…and welcome back to my blog.
Last but by no means least on this series of reasons why people come to counselling is difficult health conditions.
At some point in our lives we will all be affected by a difficult health condition, whether it be an acute condition, which is sudden and short like the flu, to something more chronic, which is longer term and may require ongoing medical intervention, to a condition which is terminal, where there is no cure and death is likely.
Whether a condition is acute or terminal, lived with since birth or arisen suddenly, there can be significant impact to not only our physical and emotional health, but our basic standard of living.
I myself am suffering from an ankle injury at the moment, which is restricting my normal lifestyle, which is frustrating and demoralising.
While the list of difficult health conditions is extensive, here are a select few:
- Fertility issues
- Chronic pain
- Chronic obstructive pulmonary disease (COPD)
- Multiple Sclerosis
As I’m finding out for myself suffering from a condition, whether it be acute, chronic or terminal, impacts our daily life from school and work attendance, to having a social life, enjoying exercise and/or simply completing day-to-day activities. Individuals may be confined to the house or even their bed, and have enforced inactivity. Experiencing such restrictions, along with living with the difficult health condition itself can greatly affect our mental health. Individuals may experience feeling some if not all of the following:
This list of course is not extensive, and as I’m sure you are aware of, if we are experiencing low mood or feeling emotionally vulnerable this may also negatively impact us physically, either by resulting in physical symptoms or hindering our recovery of an existing condition.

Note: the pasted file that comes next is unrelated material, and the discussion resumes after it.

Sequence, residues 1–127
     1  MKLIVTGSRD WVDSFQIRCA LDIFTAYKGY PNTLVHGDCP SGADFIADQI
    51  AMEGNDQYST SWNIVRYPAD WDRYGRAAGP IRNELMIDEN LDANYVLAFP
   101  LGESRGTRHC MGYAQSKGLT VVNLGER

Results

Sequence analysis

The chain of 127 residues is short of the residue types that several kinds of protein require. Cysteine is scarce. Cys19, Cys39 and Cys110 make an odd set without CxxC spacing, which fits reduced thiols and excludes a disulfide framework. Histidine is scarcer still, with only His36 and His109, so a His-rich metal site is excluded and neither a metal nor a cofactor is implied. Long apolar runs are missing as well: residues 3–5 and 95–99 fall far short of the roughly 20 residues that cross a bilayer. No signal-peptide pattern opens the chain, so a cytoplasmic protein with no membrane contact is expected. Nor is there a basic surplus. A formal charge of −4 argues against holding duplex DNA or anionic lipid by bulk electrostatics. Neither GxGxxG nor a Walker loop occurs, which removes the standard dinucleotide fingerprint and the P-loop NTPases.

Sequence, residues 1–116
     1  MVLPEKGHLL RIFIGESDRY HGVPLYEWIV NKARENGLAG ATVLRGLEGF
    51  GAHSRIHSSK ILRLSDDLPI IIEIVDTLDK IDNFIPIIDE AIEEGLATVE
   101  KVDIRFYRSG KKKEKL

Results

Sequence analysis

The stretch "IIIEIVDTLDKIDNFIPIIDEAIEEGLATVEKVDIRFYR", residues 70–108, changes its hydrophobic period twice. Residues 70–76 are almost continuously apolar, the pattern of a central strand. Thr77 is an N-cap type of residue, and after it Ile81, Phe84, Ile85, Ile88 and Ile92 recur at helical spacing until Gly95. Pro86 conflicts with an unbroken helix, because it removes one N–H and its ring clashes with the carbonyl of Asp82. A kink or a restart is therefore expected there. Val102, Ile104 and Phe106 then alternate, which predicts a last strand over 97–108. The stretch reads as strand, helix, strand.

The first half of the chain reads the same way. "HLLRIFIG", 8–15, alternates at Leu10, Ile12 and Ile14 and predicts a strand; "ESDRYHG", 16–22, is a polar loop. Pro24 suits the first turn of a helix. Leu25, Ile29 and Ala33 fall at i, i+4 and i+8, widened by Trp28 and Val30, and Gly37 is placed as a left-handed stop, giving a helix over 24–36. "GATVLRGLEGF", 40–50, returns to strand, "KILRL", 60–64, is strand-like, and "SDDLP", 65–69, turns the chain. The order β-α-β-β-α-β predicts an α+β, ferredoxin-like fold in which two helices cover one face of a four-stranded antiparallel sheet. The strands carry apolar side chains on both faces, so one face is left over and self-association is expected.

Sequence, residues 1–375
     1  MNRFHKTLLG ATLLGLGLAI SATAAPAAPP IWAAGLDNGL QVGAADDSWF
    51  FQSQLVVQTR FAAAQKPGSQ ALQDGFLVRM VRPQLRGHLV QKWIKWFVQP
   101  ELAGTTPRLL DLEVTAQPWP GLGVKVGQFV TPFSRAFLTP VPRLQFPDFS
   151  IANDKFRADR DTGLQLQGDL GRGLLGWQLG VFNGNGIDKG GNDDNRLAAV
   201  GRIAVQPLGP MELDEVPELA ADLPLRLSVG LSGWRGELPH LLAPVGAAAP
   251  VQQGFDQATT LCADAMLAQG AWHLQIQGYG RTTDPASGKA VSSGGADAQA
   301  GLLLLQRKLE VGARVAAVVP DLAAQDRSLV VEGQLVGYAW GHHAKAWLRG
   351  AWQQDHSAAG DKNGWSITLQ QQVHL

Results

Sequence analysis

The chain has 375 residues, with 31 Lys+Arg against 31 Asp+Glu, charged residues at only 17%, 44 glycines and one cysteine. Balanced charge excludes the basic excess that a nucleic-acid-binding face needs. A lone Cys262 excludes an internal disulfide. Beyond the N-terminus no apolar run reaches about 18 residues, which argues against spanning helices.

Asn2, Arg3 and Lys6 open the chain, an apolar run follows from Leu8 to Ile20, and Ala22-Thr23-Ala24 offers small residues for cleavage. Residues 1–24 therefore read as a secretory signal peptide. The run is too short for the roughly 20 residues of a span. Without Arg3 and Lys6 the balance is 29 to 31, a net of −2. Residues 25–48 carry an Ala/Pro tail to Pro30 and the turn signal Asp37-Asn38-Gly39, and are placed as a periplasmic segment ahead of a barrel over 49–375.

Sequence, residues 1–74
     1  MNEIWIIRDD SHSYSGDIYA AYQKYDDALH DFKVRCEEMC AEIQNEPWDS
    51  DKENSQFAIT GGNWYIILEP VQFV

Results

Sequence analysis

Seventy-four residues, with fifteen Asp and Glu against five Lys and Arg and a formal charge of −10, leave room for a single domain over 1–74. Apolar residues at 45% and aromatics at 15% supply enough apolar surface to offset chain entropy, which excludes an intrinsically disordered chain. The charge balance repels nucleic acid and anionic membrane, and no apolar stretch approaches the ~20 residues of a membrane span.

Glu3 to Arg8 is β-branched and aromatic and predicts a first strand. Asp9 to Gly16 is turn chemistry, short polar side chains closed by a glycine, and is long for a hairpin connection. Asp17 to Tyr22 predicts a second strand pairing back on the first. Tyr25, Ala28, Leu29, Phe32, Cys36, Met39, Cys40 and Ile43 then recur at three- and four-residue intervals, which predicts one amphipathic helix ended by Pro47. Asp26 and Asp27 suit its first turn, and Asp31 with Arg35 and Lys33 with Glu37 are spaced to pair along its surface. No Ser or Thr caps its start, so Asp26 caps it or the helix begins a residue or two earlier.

Difficult health conditions not only affect those living with the condition itself, but those who live with, are related to or care for the individual. Being a carer for a loved one is a stressful job, both physically and emotionally. Carer’s can feel resentment and guilt as well as being isolated and exhausted.
Counselling therefore allows individuals, whether they be the sufferer or the carer, the space to discuss and explore their condition/diagnosis to try and come to terms with their situation as well as to provide emotional support.
So, there you have it folks, my very first series of blog posts on a specific topic is complete. Within this series I focused on why people come to counselling, covering:
- Feelings of Isolation and Loneliness
- Difficult Emotions
- Difficult Life Events
- Difficult Health Conditions
This is by no means an extensive list of reasons, but I hope it has captured some of the types of circumstances and/or feelings that people may be experiencing which may prompt them to seek help. My hope is that at least one person can relate to something I have written, and realise they aren’t alone and that there is help out there.
Please like, comment, share and follow, and until next time:
be kind | embrace growth | nurture relationships
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